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THE PERFECT MELODY by Ismael Esteban.

In the hotel, on a Sunday in autumn, the hustle and bustle can be heard in the corridors… outside, it's a wet start to the day. The opening and closing of doors is the soundtrack that wakes the guests. The coffee pots are steaming and the smell of freshly baked bread wafts up to the rooms on the first floor.

Ismael gets up, looks out of the window to a grey, drizzly morning, and thinks how he would be better off anywhere but here. And at 38, he's not getting any younger. He remembers that aroma of competition, the taste that intoxicates the palate on the starting line... he's not ready to give up yet.

The PA system is playing The Ride of the Valkyries and the chords of Wild Thing, the music that once led the way for Martin Sheen, playing Captain Benjamin L. Willard, as he headed downstream into the Cambodian jungle in Apocalypse Now. Nerves, tension, two breaths of air, a clear mind... let's hit the road!

It's time to play. We are at the races. This is our playground, our Cambodian jungle, our temple.
And may the music continue to play even louder.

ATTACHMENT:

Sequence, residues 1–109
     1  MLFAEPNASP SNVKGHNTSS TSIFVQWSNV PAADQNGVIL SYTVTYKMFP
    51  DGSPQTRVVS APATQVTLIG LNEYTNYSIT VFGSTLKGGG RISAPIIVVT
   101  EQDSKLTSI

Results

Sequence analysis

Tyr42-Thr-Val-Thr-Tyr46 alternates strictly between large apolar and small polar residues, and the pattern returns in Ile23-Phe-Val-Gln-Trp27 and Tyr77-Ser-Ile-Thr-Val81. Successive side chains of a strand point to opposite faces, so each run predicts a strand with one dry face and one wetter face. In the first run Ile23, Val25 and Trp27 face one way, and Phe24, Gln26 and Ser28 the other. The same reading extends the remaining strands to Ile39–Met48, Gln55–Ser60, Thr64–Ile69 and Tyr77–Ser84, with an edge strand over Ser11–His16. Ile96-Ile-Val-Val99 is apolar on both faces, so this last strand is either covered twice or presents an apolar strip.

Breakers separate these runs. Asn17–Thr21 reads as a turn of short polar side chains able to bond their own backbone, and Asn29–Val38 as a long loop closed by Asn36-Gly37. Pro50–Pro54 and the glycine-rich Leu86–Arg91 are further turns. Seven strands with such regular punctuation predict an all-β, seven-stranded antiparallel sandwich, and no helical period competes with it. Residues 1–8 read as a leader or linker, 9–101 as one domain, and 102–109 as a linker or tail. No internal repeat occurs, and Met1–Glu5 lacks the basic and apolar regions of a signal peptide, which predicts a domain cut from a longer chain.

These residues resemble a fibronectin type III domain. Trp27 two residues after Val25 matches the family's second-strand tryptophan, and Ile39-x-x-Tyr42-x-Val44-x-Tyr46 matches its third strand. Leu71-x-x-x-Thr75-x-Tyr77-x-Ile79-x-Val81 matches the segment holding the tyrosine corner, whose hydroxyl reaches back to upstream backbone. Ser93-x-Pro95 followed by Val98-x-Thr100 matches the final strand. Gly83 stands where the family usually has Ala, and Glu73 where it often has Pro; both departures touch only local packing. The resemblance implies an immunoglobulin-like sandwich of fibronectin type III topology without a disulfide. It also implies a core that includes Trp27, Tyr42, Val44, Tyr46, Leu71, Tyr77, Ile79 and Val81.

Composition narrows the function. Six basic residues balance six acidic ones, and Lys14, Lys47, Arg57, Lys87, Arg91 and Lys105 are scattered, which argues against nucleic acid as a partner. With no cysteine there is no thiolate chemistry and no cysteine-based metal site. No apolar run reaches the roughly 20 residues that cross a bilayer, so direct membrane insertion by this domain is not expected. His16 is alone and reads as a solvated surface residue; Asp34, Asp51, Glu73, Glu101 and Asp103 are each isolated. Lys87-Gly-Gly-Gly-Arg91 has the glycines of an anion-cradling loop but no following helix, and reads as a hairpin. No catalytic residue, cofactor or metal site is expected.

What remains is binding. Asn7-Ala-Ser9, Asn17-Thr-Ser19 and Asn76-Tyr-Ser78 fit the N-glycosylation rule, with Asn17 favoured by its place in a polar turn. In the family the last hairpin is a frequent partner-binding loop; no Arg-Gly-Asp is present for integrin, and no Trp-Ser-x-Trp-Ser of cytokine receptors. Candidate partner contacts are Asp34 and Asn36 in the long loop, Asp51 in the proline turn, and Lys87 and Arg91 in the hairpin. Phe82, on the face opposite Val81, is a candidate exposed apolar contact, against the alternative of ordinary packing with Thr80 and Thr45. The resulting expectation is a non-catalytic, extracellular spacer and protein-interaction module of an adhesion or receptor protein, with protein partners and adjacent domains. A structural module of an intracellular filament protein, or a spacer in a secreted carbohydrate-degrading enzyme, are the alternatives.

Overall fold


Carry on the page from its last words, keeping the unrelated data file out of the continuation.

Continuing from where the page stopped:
Just like the old rockers of the 70s, he has tasted and experienced all concepts and disciplines. MTB, road racing, cyclo-cross, enduro... even e-bikes. Anything on two wheels. Many of you will know Ismael Esteban. A multi-discipline cyclist long before multi-discipline cyclists became fashionable. A rider who conveys passion, who has cycled with the very best for many years, despite having to work much harder than them to be there. Although it's hard to believe, for many years, Ismael Esteban's life was closer to that of an amateur than a professional athlete.

As a young boy, he took up bike trialling, which led him to his first competitive event. His first bike wasn't just any old bike, it was handmade by his father. It didn't take him long to demonstrate his worth, winning and taking the podium in his first competitive races.

I was very disappointed. Now I regret that. I tried road racing because I swallowed the whole 'you're going to get rich' thing, but I never really had a chance to go pro.

First local ones, followed by national and then world races. Step by step, he made a name for himself and came of age in the world of racing. Initially, he was only involved in MTB. But the dream of becoming a professional road racer crossed his path. It was a different time, and the only way to make a living on two wheels appeared to be on asphalt. The results came, but not the expected leap to being a pro.

Another kind of music played in the offices, a ritornello of Baroque music, where the harpsichord and organ muffled the harmonious roar of the guitars and keyboards of a young man brimming with enthusiasm, but not so many opportunities. It seemed like the beginning of the end. A big blow that ended with Ismael Esteban retiring completely from racing.

He came to experience the less pleasant side of the sport. But he never disconnected completely from cycling. He went to work in a bicycle shop, giving up racing for months. But competing was in his DNA.